Sleeping Through War
The year is 1968. The world is changing. Students are protesting, civil rights are being fought and died for, nuclear bombs are being tested, and war is raging in Vietnam. For three women, life must go on as normal. For them, as it is for most ‘ordinary’ people, just to survive is an act of courage.
Rose must keep her dignity and compassion as a St Lucian nurse in London. Amalia must keep hoping that her son can escape their seedy life in Lisbon. And Mrs Johnson in Washington DC must keep writing to her son in Vietnam. She has no-one else to talk to. Three different women in three different countries. They work, they bring up children, they struggle to make ends meet while the world goes around and the papers print the news. History is written by the winners – and almost all of it has been written by men. The stories of women like these go unremarked and unwritten so often that we forget how important they are.
The title quotation comes from something Amalia observes about her son, Ricardo – how he can sleep through war. Our three lead characters, Amalia, Rose and Mrs Johnson, all experiences ‘wars’ of one sort or another, whether it’s war between cultures, races or actual military conflict. It seems that the whole world is at war in 1968 in one way or another with so much turbulence, social unrest and hostility as well as battles between soldiers. This is what unites these three disparate women.
It’s fascinating to have three such different characters woven together: we have a young Portuguese mother who is doing whatever it takes to earn money to educate her father less son and give him the best start in life she can. Then there is a West Indian nurse who has come to England to work, but isn’t always appreciated. And we have a mother whose son is fighting in Vietnam. She writes newsy, chatty letters to her son, but you can see she’s racked with worry about him.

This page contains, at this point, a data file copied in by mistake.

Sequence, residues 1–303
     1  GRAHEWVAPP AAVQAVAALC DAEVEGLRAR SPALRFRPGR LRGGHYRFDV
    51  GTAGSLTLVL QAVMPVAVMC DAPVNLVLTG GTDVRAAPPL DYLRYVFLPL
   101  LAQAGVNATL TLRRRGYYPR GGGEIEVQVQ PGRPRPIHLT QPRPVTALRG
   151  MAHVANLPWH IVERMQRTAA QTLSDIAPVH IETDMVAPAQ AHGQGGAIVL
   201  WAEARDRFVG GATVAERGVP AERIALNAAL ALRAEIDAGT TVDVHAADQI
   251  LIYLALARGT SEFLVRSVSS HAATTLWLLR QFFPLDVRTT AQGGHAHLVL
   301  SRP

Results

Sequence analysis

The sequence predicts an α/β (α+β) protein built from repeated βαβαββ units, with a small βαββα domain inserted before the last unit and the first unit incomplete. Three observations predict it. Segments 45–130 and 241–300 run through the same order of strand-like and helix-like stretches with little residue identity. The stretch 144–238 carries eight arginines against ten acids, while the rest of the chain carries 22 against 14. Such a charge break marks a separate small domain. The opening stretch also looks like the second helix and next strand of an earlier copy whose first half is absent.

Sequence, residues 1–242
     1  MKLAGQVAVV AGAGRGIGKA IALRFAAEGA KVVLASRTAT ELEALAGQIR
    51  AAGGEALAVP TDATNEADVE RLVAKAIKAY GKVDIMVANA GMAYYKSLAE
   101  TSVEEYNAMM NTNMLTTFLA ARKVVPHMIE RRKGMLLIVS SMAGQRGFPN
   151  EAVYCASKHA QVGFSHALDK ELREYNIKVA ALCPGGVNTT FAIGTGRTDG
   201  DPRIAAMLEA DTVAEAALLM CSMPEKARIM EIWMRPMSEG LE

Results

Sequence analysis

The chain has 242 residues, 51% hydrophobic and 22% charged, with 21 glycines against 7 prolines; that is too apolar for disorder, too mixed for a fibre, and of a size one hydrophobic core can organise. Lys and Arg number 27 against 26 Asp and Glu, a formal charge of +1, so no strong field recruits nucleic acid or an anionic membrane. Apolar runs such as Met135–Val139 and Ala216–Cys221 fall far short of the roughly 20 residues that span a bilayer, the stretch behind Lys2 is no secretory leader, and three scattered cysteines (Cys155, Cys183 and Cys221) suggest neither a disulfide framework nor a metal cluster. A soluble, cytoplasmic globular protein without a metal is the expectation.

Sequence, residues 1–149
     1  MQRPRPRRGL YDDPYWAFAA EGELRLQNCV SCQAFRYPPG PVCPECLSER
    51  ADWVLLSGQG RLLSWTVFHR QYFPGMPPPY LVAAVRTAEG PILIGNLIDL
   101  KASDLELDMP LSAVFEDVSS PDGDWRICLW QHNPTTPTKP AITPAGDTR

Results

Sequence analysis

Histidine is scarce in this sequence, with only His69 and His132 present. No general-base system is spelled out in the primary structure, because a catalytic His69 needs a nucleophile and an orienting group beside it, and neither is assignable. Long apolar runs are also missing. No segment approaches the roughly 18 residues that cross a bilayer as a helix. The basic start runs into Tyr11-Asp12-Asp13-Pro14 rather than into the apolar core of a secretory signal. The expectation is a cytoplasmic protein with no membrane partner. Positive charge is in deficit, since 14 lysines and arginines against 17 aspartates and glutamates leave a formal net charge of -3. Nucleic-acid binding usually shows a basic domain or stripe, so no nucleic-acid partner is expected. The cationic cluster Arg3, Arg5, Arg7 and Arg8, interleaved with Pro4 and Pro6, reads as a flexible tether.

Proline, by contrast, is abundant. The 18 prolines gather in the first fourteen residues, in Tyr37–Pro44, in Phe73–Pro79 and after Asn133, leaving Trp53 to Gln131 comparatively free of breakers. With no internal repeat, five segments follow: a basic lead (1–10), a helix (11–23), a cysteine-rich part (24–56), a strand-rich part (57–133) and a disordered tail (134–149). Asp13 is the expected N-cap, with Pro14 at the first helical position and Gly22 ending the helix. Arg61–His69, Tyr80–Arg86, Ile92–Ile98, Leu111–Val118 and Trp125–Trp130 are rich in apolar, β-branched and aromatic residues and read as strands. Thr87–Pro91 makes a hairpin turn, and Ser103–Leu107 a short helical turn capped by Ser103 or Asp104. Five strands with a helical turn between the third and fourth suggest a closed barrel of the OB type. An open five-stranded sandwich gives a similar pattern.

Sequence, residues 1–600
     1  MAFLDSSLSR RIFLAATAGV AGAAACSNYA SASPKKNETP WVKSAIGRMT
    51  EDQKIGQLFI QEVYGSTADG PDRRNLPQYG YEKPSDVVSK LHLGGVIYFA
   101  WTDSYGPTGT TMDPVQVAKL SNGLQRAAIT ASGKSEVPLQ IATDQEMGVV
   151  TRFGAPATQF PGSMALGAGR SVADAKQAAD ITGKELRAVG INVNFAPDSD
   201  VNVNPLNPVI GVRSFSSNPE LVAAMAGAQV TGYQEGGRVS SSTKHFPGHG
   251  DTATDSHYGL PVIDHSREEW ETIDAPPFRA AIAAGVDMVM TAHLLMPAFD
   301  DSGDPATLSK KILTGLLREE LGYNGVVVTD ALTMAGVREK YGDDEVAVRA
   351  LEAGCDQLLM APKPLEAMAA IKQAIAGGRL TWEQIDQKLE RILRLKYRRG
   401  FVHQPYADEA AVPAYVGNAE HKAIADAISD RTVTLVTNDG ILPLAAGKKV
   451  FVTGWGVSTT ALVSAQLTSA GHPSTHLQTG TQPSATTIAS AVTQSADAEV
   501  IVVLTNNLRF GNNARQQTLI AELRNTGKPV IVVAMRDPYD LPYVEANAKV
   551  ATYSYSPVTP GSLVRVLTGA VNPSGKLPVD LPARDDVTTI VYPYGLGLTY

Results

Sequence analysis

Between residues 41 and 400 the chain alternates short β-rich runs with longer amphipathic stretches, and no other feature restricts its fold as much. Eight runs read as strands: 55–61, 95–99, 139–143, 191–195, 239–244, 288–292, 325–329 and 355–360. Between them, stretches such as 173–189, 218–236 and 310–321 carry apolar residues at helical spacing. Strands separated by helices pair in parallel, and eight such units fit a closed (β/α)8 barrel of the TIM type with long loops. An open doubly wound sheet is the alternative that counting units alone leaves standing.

News reports are interspersed throughout the women’s narrations which give the wider, factual background to their stories.
This is a gentle, poignant read, but that’s not to say that shocking things and cruel twists of fate don’t happen. However, our heroines take events in their stride. Each woman is brave, although each considers themselves to be perfectly ordinary, in the difficult circumstances they find themselves in and cope in what ways they can. It’s the contrast between their apparent normalness and the upheavals they tackle without fuss in their daily lives that is so powerful.
The author has a deft way with words and a sharp eye for detail. It’s the little touches, the smallest o brushstrokes, to the broad canvas of this book that make it so convincing. If you enjoy a book that is rich with imagery, touching, thoughtful, firmly rooted in reality yet imaginative and innovative, then this is one you must treat yourself to.
Link to purchase from Waterstones: https://www.waterstones.com/book/sleeping-through-war/jackie-carreira/9781788038539
Jackie Carreira is an award-winning novelist, playwright, musician, designer, and co-founder of QuirkHouse Theatre Company. A true renaissance woman, or a Jack of All Trades? The jury’s still out on that one. She grew up in Hackney, East London, but spent part of her early childhood in Lisbon’s Old Quarter. Sleeping Through War was inspired, in part, by some of the women she met when she was young. One of her favourite places to write is the coffee shops of railway stations. Her second novel, The Seventh Train (published by Matador in 2019) was born in the café at Paddington Station. Jackie now lives in Suffolk with an actor, two cats and not enough book shelves.
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